The corpus of messages was extracted from the Detec’t database [19], a database developed by Kappa Santé that collects messages from several French forums using a Web crawler. We limited ourselves to a list of 5 major health forums in French obtained using netscoring [9]. Message extraction was based on a named entity recognition module using a drug lexicon designed by Kappa Santé and a fuzzy matching algorithm. The lexicon was based on Racine Pharma, the ATC classification, and a list of medications extracted from the French National Health Insurance database.

    Drugs, Adverse Events, and Adverse Drug Reaction Extraction

    ADR extraction was performed in 2 steps: first, named entity recognition modules were used to identify drug names and AEs in posts, and then, a relation extraction algorithm was applied to these entities (Figure 2).

    Figure 2. Adverse drug reaction pipeline. ADR: adverse drug reaction; ATC: Anatomical Therapeutic Chemical (in ATC classification); MedDRA: Medical Dictionary for Regulatory Activities.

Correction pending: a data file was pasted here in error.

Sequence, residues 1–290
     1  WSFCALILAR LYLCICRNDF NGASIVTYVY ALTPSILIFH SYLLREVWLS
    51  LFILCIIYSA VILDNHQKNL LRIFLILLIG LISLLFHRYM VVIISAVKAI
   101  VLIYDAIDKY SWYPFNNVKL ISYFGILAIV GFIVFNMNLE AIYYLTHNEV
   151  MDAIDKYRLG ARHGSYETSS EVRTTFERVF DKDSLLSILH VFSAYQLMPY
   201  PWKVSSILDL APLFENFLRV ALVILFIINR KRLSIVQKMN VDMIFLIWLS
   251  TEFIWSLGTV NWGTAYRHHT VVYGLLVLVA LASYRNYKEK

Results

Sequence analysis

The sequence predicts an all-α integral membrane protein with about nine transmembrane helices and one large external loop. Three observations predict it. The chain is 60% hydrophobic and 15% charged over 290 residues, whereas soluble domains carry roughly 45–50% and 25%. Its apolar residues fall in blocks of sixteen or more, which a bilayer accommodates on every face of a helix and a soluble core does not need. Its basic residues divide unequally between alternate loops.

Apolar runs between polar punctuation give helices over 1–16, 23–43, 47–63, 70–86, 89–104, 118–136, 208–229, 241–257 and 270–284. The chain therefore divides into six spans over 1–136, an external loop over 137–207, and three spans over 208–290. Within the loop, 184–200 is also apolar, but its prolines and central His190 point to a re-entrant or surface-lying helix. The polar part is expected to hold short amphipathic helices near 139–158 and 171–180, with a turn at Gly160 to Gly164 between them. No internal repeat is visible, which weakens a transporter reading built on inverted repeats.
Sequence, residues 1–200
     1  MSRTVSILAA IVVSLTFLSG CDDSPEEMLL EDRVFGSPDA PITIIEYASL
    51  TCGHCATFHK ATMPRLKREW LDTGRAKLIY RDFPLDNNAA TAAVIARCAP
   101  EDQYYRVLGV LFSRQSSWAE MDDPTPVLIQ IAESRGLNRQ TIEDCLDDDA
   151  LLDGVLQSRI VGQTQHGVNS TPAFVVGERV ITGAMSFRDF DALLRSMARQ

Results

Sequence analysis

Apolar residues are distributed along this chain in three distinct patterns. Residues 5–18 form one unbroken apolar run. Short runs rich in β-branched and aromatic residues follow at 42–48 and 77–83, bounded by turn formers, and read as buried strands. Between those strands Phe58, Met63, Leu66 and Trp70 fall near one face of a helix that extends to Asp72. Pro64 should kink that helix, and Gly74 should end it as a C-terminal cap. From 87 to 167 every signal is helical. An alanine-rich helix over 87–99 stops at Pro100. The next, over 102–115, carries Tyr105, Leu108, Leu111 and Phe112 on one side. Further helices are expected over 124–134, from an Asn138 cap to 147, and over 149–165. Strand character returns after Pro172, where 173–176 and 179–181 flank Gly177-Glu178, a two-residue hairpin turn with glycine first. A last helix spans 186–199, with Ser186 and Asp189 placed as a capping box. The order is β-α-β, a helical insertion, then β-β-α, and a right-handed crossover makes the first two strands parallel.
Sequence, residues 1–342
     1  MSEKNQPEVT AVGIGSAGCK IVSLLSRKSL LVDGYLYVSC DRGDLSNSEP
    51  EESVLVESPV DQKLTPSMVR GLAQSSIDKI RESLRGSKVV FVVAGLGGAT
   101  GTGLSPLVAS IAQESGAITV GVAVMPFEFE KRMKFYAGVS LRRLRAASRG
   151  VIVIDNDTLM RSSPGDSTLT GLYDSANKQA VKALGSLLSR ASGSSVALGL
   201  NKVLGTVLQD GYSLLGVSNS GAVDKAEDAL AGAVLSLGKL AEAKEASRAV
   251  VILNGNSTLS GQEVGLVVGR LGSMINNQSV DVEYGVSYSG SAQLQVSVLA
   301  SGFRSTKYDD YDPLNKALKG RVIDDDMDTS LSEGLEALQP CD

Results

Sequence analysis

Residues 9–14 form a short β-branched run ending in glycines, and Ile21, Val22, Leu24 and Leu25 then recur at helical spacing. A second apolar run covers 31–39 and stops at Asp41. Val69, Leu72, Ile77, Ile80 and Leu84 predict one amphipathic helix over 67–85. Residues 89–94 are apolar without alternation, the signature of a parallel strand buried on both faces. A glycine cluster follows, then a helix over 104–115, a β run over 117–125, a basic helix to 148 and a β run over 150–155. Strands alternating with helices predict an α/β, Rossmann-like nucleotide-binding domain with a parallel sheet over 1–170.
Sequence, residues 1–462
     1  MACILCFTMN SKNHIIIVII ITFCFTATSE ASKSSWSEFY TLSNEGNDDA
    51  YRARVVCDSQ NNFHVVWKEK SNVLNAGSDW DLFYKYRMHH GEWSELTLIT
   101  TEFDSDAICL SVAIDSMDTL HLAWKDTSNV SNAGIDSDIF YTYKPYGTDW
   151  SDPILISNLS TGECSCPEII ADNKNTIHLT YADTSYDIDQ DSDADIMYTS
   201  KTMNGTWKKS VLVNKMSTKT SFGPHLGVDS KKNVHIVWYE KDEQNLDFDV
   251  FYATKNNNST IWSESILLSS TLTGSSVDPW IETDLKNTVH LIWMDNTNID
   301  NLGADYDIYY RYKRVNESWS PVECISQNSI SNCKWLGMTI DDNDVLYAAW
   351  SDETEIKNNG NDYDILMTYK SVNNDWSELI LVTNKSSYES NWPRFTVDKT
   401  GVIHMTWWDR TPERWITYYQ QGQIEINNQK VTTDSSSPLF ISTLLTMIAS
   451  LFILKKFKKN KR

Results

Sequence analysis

View this figure
    Drugs and Adverse Events Extraction

    Regarding drugs, Expert System has developed a named entity recognition module capable of identifying words or tokens (occurrences) listed in Racine Pharma and extracting their positions from forum posts.

    We mapped the extracted expressions from Racine Pharma to the chemical substance level (5th level) of the ATC (last updated version: December 19, 2016) [18]. Considering that the same active ingredient could be found under different trade names, we pooled all mapped expressions within the same ATC chemical subgroup (4th level) to define the drug concepts.